Two-time convicted sex offender Michael Leverett could've been back roaming his Davie street in 2009, after his second prison sentence since 1979 for sex crimes involving underage girls.
Instead, he wound up at the Florida Civil Commitment Center, home to more than 600 sex offenders held after their prison sentences expire because the state suspects or a court has ruled they are likely to rape again.
For six years, Leverett fought to show he was not a threat on the outside and by August 2015, he'd persuaded two mental health professionals he should be released.
In a letter included in his court file, Leverett described one of his psychologists as "one of the first that really listened to me in my life" and vowed to her "I will not let you down."
Within a month of his release, Davie Police allege, Leverett did more than that: the 55-year-old man began an eight-week binge of at least 135 sexual encounters with two 16-year-old girls.
Of the 628 offenders housed at FCCC, in DeSoto County on the last day of 2015, 536 were committed by a judge or jury who found they were sexually violent predators, or SVPs, who would likely reoffend if set free. The other 92 were, like Leverett, detained pre-trial after a judge found probable cause they were SVPs.
Once professionals agreed Leverett was no longer likely to reoffend, Broward County Assistant State Attorney Tara Sullivan negotiated a settlement agreement allowing his release on Oct. 8, as long as for three years he continued treatment and did not violate the law.
Since Leverett was not on probation, no one from the state had to approve of his living arrangements, which included sharing his family home with, among others, one of the 16-year-old girls with whom he now stands accused of having sex.
"They should have kept him in there," that girl's mother said of the commitment center. "I mean, a psychiatrist should know whether the man is right in the head or not and he's not."
Police now allege in two separate cases Leverett had oral, vaginal or anal intercourse with the two 16-year-old girls at least 135 times between Nov. 13 and Jan. 2.
He was arrested on Jan. 4 on a warrant alleging sexual battery after one girl disclosed the encounters to her mother and police.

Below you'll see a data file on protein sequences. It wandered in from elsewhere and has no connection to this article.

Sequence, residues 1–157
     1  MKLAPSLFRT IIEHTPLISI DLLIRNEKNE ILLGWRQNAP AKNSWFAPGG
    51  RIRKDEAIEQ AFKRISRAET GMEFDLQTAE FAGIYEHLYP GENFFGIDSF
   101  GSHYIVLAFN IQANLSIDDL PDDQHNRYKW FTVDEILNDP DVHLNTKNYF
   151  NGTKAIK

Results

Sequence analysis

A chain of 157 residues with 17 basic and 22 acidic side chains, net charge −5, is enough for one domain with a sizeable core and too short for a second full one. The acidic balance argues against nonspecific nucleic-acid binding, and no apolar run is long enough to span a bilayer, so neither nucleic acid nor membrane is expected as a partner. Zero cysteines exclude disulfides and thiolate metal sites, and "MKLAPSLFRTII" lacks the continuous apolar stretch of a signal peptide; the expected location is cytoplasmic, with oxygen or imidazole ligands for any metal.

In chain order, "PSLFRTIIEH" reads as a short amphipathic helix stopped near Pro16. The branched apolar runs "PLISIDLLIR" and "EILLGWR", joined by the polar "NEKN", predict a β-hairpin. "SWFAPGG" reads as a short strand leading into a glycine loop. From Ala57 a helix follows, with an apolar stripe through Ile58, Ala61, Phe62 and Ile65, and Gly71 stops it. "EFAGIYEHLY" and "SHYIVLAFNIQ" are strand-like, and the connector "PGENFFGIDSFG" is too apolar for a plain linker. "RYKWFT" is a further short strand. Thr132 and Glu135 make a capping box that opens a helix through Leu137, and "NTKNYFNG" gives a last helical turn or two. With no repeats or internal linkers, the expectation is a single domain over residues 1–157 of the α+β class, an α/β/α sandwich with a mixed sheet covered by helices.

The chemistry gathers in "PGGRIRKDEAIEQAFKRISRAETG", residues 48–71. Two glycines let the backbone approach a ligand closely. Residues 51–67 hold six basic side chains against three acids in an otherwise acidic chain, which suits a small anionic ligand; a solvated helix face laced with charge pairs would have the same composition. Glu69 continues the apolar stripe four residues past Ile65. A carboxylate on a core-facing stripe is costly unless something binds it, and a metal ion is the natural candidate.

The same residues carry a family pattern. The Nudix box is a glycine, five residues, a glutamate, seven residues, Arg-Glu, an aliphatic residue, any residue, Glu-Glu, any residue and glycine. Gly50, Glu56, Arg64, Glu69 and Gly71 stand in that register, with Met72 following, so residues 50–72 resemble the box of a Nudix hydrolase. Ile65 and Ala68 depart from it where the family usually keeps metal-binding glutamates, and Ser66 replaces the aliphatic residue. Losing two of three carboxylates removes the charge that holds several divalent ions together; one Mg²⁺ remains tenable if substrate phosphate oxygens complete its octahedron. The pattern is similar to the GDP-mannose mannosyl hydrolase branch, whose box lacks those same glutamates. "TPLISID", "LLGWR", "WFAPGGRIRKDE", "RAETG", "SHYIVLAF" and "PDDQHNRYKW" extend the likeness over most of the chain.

After first denying a sexual relationship with Leverett, the other girl later gave a sworn statement describing near-daily sex with Leverett, police claim. Asked about her initial denials, the girl said she had "developed emotional feeling for defendant Leverett and wanted to protect him," a sex crimes detective wrote in Leverett's arrest affidavit.
Leverett's public defender did not return a call seeking comment on the new charges, which now total nine counts of unlawful sexual activity with minors, second-degree felonies punishable by up to 15 years in prison.
On the civil side, the state is already moving to have him sent back to the FCCC and declared a sexually violent predator. But even when offenders are ruled a SVP, the state has no program in place to monitor their transition back into the community once they are released.
In 2008, a legislative office told the Department of Children and Families it should create such a program, but eight years later DCF has failed to do so.
A spokeswoman told NBC 6 the department is still working on it.
Meanwhile, dozens of offenders and predators are being released back into the community, often with little oversight.
Glenn Davidow was committed to FCCC as a sexually violent predator after convictions in 1992 for lewd assault on a child and in 2008 for using the internet to solicit sex with a child, who turned out to be an undercover agent.
Last month, though, Davidow was released on a five-year settlement agreement, after doctors opined he had shown significant progress with treatment at the FCCC.
While Davidow, 43, will get enhanced scrutiny because he’s classified as a sexual predator, and not just a sexual offender, he will not benefit from a transitional program because DCF has failed to establish one.
Even those not declared SVPs have had their share of problems.
Among those convicted of crimes in Broward, Jack Love was arrested and convicted of raping a child two years after he was released with a settlement agreement; Jermaine Moye was returned to prison after three years free; Eric Smith, after one month; and now Leverett.
As he walked free for the first time in eight years, Davidow told NBC 6 last month "it feels wonderful" and vowed not to reoffend.
As for whether he felt he needed support from the state, he said, "Well, I have support with my parents and I have other support elsewhere. So everything will be great."
Sullivan, the prosecutor who handles sex predator cases, said the lack of a DCF transition program is "the very difficult part of this program. Unlike being on a criminal probation, we don't have a paid supervisory office that is supervising them and monitoring them, and it's extremely important. It's the missing link that really offers the community security."
Asked why it hadn't created the program, DCF issued a statement: "This is a complex issue that requires a coordinated solution as DCF does not have unilateral authority on any post-release supervision programs. To that end, DCF is working with our partners at the Department of Corrections and within the judicial branch to examine all constitutional implications of this potential proposal."
A DCF official has drafted legislation that would create a two-year transitional release program and authorize the state to approve offenders' residences and prohibit contact with potential victims.
But DCF has failed to get a legislator to sponsor it.
Eight years of inaction by DCF brings no comfort to the mother whose daughter crossed paths with Leverett.
"Bad move, really bad move. Please don’t do it again," she said. "Next time, come with the person and see where they're going to be living first. Make sure they have the correct place where to live."